Advancement and the potential to lead. Workers are recognised for the work that they do, they may give directions and instructions to others, and they are looked up to in their company and their community.


Demands

The physical and social demands that workers face most often are shown below:
  • 100%

    Telephone

    Talk on the telephone.

  • 99%

    Electronic mail

    Use electronic mail.

  • 96%

    Face-to-face discussions

    Talk with people face-to-face.

  • 95%

    Contact with people

    Have contact with people by telephone, face-to-face, or any other way.

  • 94%

    Indoors, heat controlled

    Work indoors with access to heating or cooling.

  • 90%

    Repeating same tasks

    Repeat the same tasks or activities (e.g., key entry) over and over, without stopping.

  • 88%

    Teamwork

    Work with people in a group or team.

  • 87%

    Spend time sitting

    Spend time sitting at work.

  • 84%

    Unstructured work

    Have freedom to decide on tasks, priorities, and goals.

  • 83%

    Time pressure

    Work to strict deadlines.

  • 83%

    Letters and memos

    Write letters and memos.

  • 82%

    Being exact or accurate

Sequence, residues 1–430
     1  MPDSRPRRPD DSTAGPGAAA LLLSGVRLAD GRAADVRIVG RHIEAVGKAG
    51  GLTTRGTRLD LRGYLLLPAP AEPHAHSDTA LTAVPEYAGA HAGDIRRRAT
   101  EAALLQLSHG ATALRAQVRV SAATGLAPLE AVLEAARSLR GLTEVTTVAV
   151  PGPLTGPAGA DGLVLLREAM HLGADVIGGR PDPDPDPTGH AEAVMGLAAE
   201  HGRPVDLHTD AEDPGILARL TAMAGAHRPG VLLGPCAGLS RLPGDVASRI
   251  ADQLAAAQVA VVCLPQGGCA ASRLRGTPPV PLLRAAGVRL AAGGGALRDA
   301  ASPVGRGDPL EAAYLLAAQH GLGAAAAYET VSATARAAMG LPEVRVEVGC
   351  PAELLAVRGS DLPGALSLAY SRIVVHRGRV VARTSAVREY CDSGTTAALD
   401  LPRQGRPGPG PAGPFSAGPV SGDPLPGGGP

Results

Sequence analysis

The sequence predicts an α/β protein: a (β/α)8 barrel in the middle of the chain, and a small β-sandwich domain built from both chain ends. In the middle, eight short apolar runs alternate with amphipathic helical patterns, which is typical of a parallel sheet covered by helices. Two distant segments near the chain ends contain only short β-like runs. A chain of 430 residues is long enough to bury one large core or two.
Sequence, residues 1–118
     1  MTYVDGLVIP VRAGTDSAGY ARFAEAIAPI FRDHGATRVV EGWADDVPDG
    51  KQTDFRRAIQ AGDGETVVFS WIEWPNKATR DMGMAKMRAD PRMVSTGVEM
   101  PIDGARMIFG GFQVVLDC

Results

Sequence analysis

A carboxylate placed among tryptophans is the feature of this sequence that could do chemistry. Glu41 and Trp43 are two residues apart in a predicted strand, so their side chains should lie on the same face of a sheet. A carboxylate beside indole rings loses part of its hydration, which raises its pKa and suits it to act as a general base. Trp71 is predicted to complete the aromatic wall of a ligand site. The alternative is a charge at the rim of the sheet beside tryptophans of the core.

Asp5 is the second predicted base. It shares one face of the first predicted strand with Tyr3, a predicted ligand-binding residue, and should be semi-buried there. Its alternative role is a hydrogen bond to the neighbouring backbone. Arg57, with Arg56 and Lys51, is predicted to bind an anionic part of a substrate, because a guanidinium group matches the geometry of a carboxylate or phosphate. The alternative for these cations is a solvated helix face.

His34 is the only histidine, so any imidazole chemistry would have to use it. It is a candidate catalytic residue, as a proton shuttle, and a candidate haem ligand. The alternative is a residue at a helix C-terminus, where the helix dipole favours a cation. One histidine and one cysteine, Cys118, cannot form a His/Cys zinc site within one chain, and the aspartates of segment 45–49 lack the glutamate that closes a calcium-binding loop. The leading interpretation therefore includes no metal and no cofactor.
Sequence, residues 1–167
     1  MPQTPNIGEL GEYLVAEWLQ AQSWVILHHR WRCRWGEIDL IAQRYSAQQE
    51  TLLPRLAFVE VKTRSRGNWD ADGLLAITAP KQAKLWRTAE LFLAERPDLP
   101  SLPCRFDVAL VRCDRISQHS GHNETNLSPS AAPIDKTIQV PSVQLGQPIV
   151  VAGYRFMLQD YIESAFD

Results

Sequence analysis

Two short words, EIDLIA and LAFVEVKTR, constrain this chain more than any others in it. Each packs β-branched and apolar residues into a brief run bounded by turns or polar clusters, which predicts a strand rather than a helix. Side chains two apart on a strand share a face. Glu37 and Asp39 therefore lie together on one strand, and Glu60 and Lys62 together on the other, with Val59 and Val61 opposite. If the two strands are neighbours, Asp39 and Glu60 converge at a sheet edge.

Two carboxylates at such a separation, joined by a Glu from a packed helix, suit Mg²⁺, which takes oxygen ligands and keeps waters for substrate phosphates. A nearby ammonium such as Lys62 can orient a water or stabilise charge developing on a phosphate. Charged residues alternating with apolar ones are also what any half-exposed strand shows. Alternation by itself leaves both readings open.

Be very exact or highly accurate.

  • 74%

    Freedom to make decisions

    Have freedom to make decision on your own.

  • 68%

    Making repetitive motions

    Spend time making repetitive motions.

  • 67%

    Lead or coordinate a team

    Lead others to do work activities.

  • 66%

    Frequent decision making

    Frequently make decisions that impact other people.

  • 66%

    Angry or unpleasant people

    Deal with unpleasant, angry, or rude people.

  • 65%

    Conflict situations

    Deal with conflict or disagreements.

  • 65%

    Impact of decisions

    Make decisions that have a large impact on other people.

  • 63%

    Contact with the public

    Work with customers or the public.

Occupational Information Network
O*NET is a trademark of the U.S. Department of Labor, Employment and Training Administration.
The skills and importance ratings on this page are derived from the US Department of Labor O*NET Database Version 21.2, 43-4161.00 - Human Resources Assistants, Except Payroll and Timekeeping.